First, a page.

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    Responding with Beauty...

          ... What's in your purse?

There is an old saying "You are what you eat", which reminds us that everything which we take in becomes a part of our being. This is true not only for food, but also for what we see, what we hear and what we think about. The movies and television that we watch become a part of us. The music and spoken word that we listen to also become a part of us. The games that we play become a part of us. And our thoughts, particularly those held with great emotion, also become a part of us.

If we have been taking in scenes of violence and strife, listening to words of hatred, or thinking thoughts of unkindness or distress, then we have actually been creating an unwholesome foundation upon which our daily conduct will be built. And, if the very foundation of our life is unwholesome, how can our actions be much better?

In order to produce a beautiful harvest, we must plant beautiful seeds. If we allow thorns and weeds to be planted in our consciousness, then we will have an unpleasant harvest. Therefore, we should strive to sow seeds of  love, harmony and beauty in the garden of our consciousness so that the resulting harvest may be blessing to all whom we encounter.

Being such a blessing is exemplified in this story as related by the great Sufi teacher Attar:

As Jesus and his disciples entered a village, some of the villagers began to harass Jesus, shouting unkind words and harsh accusations.

But Jesus answered them by bowing down and saying prayers for their happiness and well-being.

A disciple said to him: 'You prayed for these men, aren't you filled with anger toward them ?'

Jesus answered: 'I could only spend from what I had in my purse.'

Attar, The Way of the Sufi, Idries Shah, p63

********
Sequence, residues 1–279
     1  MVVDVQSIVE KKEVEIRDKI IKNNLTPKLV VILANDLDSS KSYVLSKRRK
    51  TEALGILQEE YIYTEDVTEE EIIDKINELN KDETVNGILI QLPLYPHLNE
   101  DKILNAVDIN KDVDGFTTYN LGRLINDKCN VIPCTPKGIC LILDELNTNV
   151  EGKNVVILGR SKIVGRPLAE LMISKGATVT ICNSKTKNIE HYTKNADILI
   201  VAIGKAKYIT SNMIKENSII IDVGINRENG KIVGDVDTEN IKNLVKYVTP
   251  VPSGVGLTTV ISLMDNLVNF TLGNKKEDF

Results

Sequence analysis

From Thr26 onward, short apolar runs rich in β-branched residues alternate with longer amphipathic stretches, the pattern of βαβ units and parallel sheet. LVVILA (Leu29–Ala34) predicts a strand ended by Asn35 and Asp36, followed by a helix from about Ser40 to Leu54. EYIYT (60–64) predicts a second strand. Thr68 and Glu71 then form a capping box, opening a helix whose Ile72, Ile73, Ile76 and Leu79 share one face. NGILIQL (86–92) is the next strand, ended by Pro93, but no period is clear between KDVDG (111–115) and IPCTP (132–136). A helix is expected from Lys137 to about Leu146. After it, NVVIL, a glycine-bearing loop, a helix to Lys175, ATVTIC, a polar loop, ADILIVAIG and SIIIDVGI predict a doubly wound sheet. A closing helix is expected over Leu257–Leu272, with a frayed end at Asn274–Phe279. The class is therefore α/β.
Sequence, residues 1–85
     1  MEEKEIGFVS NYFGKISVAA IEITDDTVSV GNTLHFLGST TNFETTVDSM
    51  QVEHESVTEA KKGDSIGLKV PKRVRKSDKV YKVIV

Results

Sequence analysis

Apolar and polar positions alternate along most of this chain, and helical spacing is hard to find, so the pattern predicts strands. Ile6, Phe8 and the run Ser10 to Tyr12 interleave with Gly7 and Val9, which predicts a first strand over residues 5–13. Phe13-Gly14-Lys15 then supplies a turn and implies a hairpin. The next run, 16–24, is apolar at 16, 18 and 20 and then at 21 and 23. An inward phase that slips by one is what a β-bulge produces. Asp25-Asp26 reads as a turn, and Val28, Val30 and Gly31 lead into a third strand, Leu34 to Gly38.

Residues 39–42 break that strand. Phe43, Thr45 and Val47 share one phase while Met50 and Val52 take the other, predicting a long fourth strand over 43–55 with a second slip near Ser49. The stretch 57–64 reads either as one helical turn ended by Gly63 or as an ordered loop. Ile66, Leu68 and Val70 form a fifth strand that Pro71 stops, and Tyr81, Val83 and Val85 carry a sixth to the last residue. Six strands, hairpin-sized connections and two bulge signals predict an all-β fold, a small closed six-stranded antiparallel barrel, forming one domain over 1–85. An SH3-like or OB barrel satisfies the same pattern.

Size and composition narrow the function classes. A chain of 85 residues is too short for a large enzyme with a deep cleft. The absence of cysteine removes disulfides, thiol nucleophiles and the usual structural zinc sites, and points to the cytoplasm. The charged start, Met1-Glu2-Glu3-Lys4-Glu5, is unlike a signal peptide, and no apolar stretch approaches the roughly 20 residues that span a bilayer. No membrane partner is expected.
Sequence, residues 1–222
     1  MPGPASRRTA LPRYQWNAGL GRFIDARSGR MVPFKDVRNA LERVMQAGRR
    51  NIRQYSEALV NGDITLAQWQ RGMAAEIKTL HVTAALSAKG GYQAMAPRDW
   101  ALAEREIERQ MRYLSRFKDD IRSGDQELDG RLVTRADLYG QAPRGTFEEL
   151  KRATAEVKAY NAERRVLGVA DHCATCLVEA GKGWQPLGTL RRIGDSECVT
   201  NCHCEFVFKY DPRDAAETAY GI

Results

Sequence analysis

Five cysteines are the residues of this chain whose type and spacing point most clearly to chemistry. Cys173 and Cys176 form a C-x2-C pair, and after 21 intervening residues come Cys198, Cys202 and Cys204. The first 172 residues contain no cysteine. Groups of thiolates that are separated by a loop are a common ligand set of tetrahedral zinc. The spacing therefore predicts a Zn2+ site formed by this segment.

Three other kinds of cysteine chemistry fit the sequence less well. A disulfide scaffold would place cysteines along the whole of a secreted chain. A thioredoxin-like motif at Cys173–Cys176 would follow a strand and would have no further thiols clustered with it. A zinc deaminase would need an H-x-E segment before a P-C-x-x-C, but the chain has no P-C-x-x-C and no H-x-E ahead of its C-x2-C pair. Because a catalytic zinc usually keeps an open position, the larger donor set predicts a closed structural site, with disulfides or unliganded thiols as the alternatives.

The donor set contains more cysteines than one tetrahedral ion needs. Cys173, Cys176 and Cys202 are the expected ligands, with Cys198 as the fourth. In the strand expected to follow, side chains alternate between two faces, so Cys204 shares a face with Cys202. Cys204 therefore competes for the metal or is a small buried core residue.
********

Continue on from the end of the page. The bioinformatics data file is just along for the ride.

When the situation is pleasant and comfortable, it is easy to be nice. But when we're faced with an unpleasant situation, then we begin to react from the very foundation of our being and automatically draw from of the depths of our purse. If, in such difficult situations, we respond in an unwholesome manner with anger, fear, hatred or violence, then that shows all too clearly what our purse really contains.

So, my dear fellow traveler, what's in your purse?

We must each take responsibility for what is in our own purse. Whenever we find something undesirable in our purse, we must root it out and replace it with something beautiful.

Here are a few inspiring thoughts on this topic from Hazrat Inayat Khan:

In Sufi terms the divine manner is called Akhlaq-i Allah. Man thinks, speaks, and acts according to the pitch to which his soul is tuned. The highest note he can be tuned to is the divine note, and once man has arrived at that pitch, he begins to express the manner of God in everything he does. And what is the manner of God? It is the kingly manner, but a manner, which is not known even to kings, for only the King of heaven and of the earth knows it. This manner is expressed by the soul who is tuned to God; it is devoid of narrowness and free from pride and conceit, it is a manner which is not only beautiful but is beauty itself. The soul which is tuned to God also becomes as beautiful as God, and begins to express God through all that it does, expressing the divine manner in life.